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  • HHJ Kloss had to decide whether the Covid-19 pandemic and its impact upon the value of a key asset was a sufficient ground to set aside a financial remedy consent order. The husband had not paid the first lump sum of £750,000, and had at first applied to stay the lump sum provision for one year with a review in nine months, due to the impact of Covid-19 upon his ability to raise the lump sums. He had then applied to have it set aside entirely. HHJ Kloss set aside the stay application as having been superseded. He then dismissed the husband’s application to set aside the order. In principle, the pandemic was a potential Barder event, opening the door to set aside, but the risk of the event had been reasonably foreseeable to the husband when the agreement had been made in March 2020, and an overall assessment of the impact of the pandemic and more general factors led the court to exercise its discretion against the husband. The Barder threshold was deliberately set very high, and this change was not fundamental enough to meet it. Among other reasons, the company remained viable, and was projected to bounce back significantly. The husband had chosen for himself the path of greatest personal risk, which was projected to lead to the greatest personal reward. Although he would not have made the same deal had he known what lay ahead, sympathy and fairness did not form part of the test to be applied. The case would be listed for further applications and directions to be considered. Judgment, 26/05/2021, free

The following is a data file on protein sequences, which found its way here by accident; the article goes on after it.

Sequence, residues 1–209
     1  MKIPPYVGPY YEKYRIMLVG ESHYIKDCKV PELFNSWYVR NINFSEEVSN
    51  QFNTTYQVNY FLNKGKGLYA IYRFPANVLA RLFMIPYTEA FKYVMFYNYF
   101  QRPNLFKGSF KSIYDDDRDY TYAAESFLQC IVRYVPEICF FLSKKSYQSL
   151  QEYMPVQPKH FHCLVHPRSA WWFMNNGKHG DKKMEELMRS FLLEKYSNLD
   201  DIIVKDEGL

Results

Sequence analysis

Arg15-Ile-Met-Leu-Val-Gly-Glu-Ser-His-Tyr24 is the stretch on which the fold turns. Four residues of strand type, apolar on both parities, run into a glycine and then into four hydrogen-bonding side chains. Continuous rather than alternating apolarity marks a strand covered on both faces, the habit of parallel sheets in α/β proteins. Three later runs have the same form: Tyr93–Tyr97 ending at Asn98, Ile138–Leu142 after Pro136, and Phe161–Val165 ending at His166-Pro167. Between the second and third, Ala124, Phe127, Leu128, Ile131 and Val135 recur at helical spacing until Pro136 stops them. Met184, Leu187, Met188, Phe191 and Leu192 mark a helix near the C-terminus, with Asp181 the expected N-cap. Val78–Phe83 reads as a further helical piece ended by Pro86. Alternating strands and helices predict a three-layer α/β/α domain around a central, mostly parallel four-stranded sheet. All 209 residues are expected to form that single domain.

• A judgment that, Knowles J said, endeavoured to provide a clear context for the claims brought by the former wife against some of the eleven respondents, and to then analyse and determine those claims, having taken account of a mass of documentary and oral evidence. The wife had been the victim of a series of schemes designed to put every penny of the husband’s wealth beyond her reach, a strategy designed to render her powerless by ensuring that, if she did not settle her claim for financial relief following their divorce on the husband’s terms, there would be no assets left for her to enforce against. Knowles J's decision was as follows. To grant relief to the wife against Counselor Trust: (a) as trustee of the Genus Trust, in the sum received from Cotor, the best estimate of which was US$650 million; (b) as trustee of the Arbaj Trust, US$36,624,946, CHF 4,000,000 and £1 million ; (c) as trustee of the Ladybird Trust, US$46,752,468, CHF 1,287,078.50, €76,918 and £128,100; and (d) as trustee of the Carnation Trust, US$455,363,485, and CHF 10,000; with joint and several liability where relevant to avoid double recovery. She granted relief to the wife against Sobaldo Establishment, in its capacity as trustee of the Longlaster Trust, in the sum of US$546,735,165. The relief granted against the eldest son, Temur, was (a) US$67,500,000 in respect of the claim for transfers of the Monetary Assets to him from Cotor in 2015 and 2016; (b) US$31,499,998 in respect of the claim for receipt of Monetary Assets previously held by Counselor Trust and/or Sobaldo Establishment between 2017 and 2019; and (c) RUB 531,560,331 in respect of the claim in respect of a Moscow property. His oral evidence had been preceded by his belated admissions of having significantly breached his disclosure obligations, described by Knowles J as "lamentable litigation conduct". She also granted the wife relief against Borderedge Ltd in the sum of €27,500,021.38. Judgment, 02/05/2021, free